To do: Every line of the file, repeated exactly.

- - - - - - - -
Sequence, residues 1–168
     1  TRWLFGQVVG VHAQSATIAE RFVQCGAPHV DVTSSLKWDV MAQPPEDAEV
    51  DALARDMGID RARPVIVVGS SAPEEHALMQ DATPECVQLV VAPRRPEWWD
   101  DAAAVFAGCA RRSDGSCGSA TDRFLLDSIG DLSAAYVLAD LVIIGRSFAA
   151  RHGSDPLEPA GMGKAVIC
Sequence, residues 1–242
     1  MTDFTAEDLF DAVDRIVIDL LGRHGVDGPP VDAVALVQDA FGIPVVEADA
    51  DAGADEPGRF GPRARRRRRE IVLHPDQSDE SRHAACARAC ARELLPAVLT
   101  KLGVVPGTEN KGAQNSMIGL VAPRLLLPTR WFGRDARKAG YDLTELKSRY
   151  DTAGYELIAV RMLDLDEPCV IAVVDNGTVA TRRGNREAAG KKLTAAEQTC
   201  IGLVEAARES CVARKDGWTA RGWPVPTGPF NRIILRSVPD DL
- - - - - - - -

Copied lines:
Sequence, residues 1–168
     1  TRWLFGQVVG VHAQSATIAE RFVQCGAPHV DVTSSLKWDV MAQPPEDAEV
    51  DALARDMGID RARPVIVVGS SAPEEHALMQ DATPECVQLV VAPRRPEWWD
   101  DAAAVFAGCA RRSDGSCGSA TDRFLLDSIG DLSAAYVLAD LVIIGRSFAA
   151  RHGSDPLEPA GMGKAVIC
Sequence, residues 1–242
     1  MTDFTAEDLF DAVDRIVIDL LGRHGVDGPP VDAVALVQDA FGIPVVEADA
    51  DAGADEPGRF GPRARRRRRE IVLHPDQSDE SRHAACARAC ARELLPAVLT
   101  KLGVVPGTEN KGAQNSMIGL VAPRLLLPTR WFGRDARKAG YDLTELKSRY
   151  DTAGYELIAV RMLDLDEPCV IAVVDNGTVA TRRGNREAAG KKLTAAEQTC
   201  IGLVEAARES CVARKDGWTA RGWPVPTGPF NRIILRSVPD DL